Network configuration

By default, iwd stores the network configuration in the directory /var/lib/iwd. The configuration file is named as , where network is the network SSID and .type is the network type, either .open, .psk or .8021x. The file is used to store the encrypted and optionally the cleartext and can also be created by the user without invoking iwctl. The file can be used for other configuration pertaining to that network SSID as well. For more settings, see .


A minimal example file to connect to a WPA-PSK or WPA2-PSK secured network with SSID "spaceship" and passphrase "test1234":

To calculate the pre-shared key from the passphrase, one of these two methods can be used:

  • Enter the passphrase in cleartext in the configuration file:
The pre-shared key will be appended to the file at the first connect:


For connecting to a EAP-PWD protected enterprise access point you need to create a file called: in the /var/lib/iwd directory with the following content:

If you do not want autoconnect to the AP you can set the option to False and connect manually to the access point via iwctl. The same applies to the password, if you do not want to store it plaintext leave the option out of the file and just connect to the enterprise AP.


Like EAP-PWD, you also need to create a file in the directory. Before you proceed to write the configuration file, this is also a good time to find out which CA certificate your organization uses. This is an example configuration file that uses MSCHAPv2 password authentication:

MsCHAPv2 passwords can also be stored as a encrypted hash. The correct md4 hash can be calculated with:

$ iconv -t utf16le | openssl md4 -provider legacy

Insert an EOF after your password by pressing , do not hit . The resulting hash needs to be stored inside the key.


Like EAP-PWD, you also need to create a file in the directory. Before you proceed to write the configuration file, this is also a good time to find out which CA certificate your organization uses. This is an example configuration file that uses PAP password authentication:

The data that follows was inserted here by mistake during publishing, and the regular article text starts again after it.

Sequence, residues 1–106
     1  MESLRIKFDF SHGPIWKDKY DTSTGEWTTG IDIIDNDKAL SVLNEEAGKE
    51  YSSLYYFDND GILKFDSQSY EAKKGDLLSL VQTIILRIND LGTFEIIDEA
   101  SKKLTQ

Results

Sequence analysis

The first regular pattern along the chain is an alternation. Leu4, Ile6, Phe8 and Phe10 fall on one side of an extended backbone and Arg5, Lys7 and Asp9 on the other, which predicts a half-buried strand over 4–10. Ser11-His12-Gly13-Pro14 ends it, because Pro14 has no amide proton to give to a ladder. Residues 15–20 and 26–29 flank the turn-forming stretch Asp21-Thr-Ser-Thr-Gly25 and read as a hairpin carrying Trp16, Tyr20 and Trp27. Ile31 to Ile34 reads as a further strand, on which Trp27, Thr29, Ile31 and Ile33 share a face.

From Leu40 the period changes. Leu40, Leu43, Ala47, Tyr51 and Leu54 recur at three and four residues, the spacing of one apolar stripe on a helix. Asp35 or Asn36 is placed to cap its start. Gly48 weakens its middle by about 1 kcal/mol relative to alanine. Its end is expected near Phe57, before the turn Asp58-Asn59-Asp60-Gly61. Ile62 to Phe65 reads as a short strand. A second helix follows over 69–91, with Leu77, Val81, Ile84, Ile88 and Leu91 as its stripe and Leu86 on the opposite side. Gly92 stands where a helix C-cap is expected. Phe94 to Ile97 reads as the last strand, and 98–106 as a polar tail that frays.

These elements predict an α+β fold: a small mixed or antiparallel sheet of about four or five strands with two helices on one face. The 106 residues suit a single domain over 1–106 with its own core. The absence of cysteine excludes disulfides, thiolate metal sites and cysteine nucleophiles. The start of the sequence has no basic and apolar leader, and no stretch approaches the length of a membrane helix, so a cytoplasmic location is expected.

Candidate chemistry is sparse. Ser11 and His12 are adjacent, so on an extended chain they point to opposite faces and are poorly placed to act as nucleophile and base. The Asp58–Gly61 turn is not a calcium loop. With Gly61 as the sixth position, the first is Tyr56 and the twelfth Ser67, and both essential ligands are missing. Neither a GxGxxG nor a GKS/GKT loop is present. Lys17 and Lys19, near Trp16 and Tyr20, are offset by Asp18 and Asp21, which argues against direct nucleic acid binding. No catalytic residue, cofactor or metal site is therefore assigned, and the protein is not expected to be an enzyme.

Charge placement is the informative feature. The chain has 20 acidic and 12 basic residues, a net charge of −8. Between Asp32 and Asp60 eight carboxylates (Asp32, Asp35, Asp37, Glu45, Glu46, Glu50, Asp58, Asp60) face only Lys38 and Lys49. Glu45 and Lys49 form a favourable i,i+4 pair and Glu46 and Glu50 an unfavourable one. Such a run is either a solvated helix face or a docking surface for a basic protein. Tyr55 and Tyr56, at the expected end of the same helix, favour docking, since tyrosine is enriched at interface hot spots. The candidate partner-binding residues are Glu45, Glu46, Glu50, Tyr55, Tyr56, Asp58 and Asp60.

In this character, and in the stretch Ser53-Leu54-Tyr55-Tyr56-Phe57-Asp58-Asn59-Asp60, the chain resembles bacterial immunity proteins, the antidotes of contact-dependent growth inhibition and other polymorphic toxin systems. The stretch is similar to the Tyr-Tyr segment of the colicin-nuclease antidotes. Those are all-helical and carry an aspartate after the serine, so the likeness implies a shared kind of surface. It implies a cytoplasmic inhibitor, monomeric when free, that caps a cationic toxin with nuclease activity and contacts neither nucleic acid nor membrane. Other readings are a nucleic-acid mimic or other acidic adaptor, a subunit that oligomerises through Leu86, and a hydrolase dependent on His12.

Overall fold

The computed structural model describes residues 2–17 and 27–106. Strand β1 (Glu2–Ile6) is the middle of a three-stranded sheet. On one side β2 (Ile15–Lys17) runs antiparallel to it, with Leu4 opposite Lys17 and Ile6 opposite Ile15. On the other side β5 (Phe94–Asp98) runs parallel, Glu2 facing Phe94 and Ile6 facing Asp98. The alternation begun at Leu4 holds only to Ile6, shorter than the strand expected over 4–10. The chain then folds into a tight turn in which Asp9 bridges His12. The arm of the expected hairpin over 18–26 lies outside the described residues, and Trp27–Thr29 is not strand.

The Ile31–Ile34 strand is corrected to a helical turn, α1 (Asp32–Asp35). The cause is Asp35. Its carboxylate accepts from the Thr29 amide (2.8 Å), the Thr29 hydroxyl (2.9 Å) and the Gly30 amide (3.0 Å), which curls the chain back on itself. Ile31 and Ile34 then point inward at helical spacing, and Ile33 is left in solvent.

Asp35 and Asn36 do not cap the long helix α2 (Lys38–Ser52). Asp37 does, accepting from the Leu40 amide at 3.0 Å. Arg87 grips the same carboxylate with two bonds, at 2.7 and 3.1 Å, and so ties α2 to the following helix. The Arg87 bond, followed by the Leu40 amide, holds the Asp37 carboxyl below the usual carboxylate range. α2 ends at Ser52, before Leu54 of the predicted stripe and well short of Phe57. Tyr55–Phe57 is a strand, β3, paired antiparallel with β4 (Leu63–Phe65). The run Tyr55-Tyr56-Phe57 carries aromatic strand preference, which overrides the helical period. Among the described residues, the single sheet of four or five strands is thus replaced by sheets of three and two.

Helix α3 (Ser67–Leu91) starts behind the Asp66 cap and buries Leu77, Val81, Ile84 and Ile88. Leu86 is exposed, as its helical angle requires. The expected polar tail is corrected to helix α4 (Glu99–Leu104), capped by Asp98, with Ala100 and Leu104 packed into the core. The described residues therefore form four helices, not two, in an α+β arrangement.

eduroam offers a configuration assistant tool (CAT), which unfortunately does not support iwd. However, the installer, which you can download by clicking on the download button then selecting your university, is just a Python script. It is easy to extract the necessary configuration options, including the certificate and server domain mask.

The following table contains a mapping of iwd configuration options to eduroam CAT install script variables.

Iwd Configuration OptionCAT Script Variable
file nameone of
one of

Other cases

More example tests can be found in the test cases of the upstream repository.

Optional configuration

File /etc/iwd/main.conf can be used for main configuration. See .

Disable auto-connect for a particular network

Create / edit file . Add the following section to it:

Disable periodic scan for available networks

By default when iwd is in disconnected state, it periodically scans for available networks. To disable periodic scan (so as to always scan manually), create / edit file /etc/iwd/main.conf and add the following section to it:

Enable built-in network configuration

Since version 0.19, iwd can assign IP address(es) and set up routes using a built-in DHCP client or with static configuration. It is a good alternative to standalone DHCP clients.

To activate iwd's network configuration feature, create/edit /etc/iwd/main.conf and add the following section to it:

There is also ability to set route metric with RoutePriorityOffset:

IPv6 support

Since version 1.10, iwd supports IPv6, but it is disabled by default in versions below 2.0. Since version 2.0, it is enabled by default.

To disable it, add the following to the configuration file:

To enable it in version below 2.0 and higher than 1.10: